Biology Fieldwork
A Level
Statistics
1. General advice
Looking for the Maths Skills for Biologists fold-out guide? Download it here (pdf, 5.5MB)
Sampling
Sampling is the process of collecting data from some sites or people in order to obtain a perspective on the population. You should explain how representative a sample is. It affects how the findings can be applied.
Sample
A limited number of things, such as a group of 100 people or 50 pebbles on a beach.
Population
The total number of things, such as all residents of a city or all pebbles on a beach.
Representative
How closely the relevant characteristics of the sample match the characteristics of the population.
Bias
An inclination or prejudice towards or against a specific finding or outcome.
How big should your sample be?
If you are planning to carry out statistical analysis of your results, you need to take enough measurements.
The minimum number of replicates is often determined by the number that is needed to be collected in order to carry out a valid statistical test.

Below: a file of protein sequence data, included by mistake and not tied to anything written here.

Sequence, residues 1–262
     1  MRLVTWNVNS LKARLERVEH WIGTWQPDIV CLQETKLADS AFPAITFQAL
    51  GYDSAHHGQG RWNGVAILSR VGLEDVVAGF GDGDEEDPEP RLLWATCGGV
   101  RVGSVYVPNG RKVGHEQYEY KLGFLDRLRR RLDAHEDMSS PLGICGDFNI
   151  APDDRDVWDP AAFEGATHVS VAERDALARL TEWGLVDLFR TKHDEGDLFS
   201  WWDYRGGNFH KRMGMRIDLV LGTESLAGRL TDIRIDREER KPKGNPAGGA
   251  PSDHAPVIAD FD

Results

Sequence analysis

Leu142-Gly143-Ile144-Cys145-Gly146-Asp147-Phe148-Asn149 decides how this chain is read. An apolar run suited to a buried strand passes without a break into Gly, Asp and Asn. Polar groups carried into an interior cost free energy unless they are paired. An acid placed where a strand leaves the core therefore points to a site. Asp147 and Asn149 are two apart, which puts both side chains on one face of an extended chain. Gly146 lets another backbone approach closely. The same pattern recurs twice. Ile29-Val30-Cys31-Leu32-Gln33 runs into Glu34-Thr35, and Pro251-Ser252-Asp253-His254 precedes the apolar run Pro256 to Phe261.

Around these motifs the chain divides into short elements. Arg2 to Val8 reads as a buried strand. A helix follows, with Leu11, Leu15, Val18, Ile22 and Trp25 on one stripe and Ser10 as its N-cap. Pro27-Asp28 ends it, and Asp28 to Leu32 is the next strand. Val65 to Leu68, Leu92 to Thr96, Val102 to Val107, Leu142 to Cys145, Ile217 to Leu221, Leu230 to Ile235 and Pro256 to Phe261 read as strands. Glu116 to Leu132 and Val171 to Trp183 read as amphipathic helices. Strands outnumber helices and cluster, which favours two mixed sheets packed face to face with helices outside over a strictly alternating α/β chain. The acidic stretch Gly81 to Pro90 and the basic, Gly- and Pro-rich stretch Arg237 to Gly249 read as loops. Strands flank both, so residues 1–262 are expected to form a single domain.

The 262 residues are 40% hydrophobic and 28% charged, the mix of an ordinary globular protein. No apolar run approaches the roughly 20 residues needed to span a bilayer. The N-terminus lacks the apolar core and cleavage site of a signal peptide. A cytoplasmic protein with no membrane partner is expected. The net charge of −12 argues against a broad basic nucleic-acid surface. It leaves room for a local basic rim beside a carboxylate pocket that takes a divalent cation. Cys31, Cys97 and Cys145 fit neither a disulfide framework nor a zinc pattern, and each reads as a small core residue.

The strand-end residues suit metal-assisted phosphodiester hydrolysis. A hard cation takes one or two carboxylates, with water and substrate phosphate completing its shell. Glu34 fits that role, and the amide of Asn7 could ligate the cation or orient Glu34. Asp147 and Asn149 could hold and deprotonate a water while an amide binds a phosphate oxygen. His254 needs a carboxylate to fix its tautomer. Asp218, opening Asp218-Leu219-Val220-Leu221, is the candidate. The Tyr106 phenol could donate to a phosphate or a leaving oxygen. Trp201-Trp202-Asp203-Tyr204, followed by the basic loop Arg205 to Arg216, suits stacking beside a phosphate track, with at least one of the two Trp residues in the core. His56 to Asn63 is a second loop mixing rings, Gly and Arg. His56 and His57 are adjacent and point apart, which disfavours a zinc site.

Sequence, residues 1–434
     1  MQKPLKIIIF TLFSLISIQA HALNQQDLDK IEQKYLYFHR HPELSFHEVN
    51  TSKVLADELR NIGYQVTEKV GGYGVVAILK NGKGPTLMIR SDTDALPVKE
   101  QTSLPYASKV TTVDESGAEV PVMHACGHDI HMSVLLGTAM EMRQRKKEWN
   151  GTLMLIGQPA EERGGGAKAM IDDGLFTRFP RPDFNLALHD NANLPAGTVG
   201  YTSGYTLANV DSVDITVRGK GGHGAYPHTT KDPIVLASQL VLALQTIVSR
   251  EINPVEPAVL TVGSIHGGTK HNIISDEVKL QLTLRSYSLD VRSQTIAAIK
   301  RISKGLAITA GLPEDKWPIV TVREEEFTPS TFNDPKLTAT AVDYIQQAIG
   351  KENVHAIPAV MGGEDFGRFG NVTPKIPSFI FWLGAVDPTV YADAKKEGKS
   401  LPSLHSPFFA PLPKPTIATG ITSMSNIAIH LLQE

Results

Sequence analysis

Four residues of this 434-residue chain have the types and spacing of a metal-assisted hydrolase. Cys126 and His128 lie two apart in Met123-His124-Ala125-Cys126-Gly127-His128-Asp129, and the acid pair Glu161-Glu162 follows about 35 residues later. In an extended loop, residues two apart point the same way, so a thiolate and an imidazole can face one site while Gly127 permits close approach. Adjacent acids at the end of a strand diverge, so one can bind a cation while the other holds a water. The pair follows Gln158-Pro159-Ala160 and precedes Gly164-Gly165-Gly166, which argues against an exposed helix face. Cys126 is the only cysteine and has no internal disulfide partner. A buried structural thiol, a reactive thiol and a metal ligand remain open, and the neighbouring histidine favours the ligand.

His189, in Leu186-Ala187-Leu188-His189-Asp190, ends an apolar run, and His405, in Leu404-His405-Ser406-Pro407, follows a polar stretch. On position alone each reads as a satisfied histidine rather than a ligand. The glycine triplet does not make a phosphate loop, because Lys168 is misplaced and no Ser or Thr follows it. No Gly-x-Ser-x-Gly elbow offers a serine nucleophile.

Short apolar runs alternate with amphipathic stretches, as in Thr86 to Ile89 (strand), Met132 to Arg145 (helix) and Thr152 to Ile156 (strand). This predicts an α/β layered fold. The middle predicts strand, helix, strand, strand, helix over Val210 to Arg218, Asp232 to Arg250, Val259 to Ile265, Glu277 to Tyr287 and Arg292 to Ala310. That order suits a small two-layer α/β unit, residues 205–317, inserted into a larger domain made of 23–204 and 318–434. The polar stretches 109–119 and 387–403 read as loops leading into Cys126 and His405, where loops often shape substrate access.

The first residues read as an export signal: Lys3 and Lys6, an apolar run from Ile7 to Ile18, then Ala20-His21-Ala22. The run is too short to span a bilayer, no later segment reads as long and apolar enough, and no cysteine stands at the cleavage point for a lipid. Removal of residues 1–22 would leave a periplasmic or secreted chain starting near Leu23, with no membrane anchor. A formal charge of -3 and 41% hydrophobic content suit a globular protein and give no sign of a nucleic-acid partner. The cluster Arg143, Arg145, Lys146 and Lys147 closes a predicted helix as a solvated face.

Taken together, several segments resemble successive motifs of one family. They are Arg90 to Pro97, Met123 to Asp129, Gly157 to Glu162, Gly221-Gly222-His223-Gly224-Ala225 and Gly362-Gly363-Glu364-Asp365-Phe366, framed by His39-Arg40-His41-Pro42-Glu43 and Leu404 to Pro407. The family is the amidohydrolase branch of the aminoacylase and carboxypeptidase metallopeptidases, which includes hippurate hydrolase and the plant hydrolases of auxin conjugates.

There is not a maximum number of replicates as the general rules is more is better.
Running mean: justifying your sample size
It's always a good thing to be able to say why you took a certain number of measurements. Why, for instance, did you count things in 30 rather than 20 quadrats?
The running mean is a simple technique that allows you to judge whether or not you have enough measurements or counts.
A more statistically valid approach to determine the number of repeats required is to calculate the running mean. By taking a number of repeat reading in a single location you can determine the number of samples required that will give you an average that takes in to account the natural variation that may occur at each sample point.